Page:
When I went to see Morale Is High (Since We Gave Up Hope) on Wednesday in Northern Stage, that was maybe my seventh time seeing this show. However, it was my first time seeing it at a venue other than Summerhall at the Edinburgh Fringe.
It was extremely interesting to me to see how the theatre company Powder Keg was handling their UK tour and how the show has changed since the Fringe. I can gladly say I couldn’t be happier to see that they are just as entertaining and engaging. They have managed to maintain the same dynamic energy on stage even after performing the play so many times.
The play addresses a lot of important issues like Brexit, the elections, and life as a member of the working class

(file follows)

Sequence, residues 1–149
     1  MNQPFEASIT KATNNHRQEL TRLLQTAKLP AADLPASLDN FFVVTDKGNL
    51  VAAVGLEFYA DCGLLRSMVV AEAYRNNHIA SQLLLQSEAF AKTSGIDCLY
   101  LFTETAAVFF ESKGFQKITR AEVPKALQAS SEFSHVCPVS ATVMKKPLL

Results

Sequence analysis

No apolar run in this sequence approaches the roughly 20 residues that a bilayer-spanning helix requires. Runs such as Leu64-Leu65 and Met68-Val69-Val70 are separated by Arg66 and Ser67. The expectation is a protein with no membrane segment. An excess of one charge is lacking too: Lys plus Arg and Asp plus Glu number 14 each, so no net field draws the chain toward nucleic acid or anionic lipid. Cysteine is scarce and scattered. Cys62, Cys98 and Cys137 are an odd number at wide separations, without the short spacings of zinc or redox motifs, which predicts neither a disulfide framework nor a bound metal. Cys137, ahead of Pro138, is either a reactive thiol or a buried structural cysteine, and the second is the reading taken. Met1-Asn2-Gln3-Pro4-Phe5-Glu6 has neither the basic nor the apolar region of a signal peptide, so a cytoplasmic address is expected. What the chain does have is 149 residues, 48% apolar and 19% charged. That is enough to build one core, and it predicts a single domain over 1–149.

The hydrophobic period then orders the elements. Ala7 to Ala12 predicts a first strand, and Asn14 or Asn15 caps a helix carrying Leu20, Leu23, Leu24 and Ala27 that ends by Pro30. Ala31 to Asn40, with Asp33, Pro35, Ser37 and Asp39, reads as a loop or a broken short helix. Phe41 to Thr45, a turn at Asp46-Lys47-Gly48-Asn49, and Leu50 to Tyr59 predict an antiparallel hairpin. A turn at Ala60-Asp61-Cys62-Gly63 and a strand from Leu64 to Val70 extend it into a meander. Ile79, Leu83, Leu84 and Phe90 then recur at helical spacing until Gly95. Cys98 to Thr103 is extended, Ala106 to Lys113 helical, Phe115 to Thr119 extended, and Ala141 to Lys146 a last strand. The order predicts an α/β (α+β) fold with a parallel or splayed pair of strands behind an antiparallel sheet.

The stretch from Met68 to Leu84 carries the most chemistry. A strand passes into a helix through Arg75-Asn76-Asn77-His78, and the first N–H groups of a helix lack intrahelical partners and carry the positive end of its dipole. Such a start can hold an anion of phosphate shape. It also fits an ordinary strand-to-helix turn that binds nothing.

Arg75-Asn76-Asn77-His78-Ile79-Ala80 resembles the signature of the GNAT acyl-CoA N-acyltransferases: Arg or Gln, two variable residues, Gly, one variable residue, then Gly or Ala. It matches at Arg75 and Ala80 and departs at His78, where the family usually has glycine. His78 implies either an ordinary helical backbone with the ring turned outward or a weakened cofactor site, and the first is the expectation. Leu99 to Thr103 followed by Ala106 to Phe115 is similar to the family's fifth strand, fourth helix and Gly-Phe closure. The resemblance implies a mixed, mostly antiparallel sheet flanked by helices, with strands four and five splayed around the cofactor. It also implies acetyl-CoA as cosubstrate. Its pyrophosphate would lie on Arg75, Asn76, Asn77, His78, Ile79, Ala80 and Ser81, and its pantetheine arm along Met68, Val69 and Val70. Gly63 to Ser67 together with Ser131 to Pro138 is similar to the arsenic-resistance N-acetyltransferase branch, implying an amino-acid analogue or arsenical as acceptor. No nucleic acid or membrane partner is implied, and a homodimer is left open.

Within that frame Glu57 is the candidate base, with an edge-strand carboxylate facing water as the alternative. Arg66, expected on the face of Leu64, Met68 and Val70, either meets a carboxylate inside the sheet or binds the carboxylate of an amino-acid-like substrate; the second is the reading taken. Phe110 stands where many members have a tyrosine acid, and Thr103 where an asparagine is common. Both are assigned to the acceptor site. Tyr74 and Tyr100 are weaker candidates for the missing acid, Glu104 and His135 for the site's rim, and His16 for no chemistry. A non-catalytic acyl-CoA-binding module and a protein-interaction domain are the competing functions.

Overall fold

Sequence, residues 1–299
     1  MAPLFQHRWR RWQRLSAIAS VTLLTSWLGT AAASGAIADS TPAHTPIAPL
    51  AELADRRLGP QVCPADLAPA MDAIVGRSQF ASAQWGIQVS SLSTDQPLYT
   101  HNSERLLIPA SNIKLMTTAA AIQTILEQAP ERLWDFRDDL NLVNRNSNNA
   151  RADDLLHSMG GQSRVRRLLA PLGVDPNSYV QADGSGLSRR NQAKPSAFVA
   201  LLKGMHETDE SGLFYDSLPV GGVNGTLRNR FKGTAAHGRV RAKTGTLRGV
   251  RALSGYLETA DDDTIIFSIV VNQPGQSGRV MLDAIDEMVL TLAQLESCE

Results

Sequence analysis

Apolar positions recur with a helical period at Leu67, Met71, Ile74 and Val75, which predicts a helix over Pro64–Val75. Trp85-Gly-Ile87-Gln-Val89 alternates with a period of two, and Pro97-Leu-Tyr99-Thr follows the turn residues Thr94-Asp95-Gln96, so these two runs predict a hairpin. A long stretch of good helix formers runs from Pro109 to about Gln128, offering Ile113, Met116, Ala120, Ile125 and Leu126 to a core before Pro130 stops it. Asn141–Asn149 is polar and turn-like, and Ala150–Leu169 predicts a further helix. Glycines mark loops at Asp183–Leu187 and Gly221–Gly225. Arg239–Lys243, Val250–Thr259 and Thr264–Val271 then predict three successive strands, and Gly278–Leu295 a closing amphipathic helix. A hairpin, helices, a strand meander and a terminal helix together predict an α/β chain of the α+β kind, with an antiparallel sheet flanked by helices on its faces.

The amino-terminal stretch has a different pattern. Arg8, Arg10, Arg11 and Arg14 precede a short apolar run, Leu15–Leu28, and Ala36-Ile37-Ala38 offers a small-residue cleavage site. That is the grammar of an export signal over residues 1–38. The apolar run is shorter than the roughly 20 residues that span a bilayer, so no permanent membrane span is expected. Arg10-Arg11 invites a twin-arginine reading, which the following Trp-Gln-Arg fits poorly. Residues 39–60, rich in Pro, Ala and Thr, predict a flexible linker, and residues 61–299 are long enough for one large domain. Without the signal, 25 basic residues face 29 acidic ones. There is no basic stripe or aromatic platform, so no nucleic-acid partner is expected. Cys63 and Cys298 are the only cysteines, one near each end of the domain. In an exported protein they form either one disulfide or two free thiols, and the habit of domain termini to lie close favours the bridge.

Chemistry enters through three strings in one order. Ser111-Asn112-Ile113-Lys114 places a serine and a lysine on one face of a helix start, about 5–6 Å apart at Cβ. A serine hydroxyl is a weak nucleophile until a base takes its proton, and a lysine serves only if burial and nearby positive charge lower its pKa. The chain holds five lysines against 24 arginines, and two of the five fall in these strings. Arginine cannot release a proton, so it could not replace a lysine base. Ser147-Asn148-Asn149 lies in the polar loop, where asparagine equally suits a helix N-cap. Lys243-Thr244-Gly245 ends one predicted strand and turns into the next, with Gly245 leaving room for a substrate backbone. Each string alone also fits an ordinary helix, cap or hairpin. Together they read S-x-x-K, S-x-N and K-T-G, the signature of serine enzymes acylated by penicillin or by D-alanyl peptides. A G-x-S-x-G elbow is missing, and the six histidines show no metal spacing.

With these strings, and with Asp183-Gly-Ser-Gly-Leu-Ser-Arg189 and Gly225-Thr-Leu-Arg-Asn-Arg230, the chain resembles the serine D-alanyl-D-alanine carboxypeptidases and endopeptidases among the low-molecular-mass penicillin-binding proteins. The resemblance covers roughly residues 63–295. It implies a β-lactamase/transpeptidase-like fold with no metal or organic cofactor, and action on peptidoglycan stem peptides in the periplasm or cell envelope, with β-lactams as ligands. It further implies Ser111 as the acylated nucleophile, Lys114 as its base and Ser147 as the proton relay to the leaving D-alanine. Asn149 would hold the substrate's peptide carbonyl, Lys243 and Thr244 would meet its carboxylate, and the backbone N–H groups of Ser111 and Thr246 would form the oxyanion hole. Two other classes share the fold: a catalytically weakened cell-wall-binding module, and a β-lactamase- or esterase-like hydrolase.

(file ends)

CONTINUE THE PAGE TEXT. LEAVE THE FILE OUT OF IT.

Morale is High, even though politically oriented, is not only about politics. The story follows Ross McCaffrey’s adventures into the future. His friend Jake has a lot of questions about what the world is like in the future that Ross visited and we, the audience, are more than enthusiastic to hear all about it.
The play addresses a lot of important issues like Brexit, the elections, and life as a member of the working class. It also involves live gig music performed by the two men which gives the play even more energy and I, for one, have had these songs stuck in my head since the end of summer.
Morale is High finds a way to perfectly balance comedy and drama and gives the audience something extremely real to relate to. Most of all, the play is about the way we – as humans – cope with the difficulties of life.
When Jake confronts Ross about the fact that during his story he fails to address a lot of world problems and keeps the focus on his own experiences, Ross simply explains that expressing himself via this platform is his own way of dealing with reality.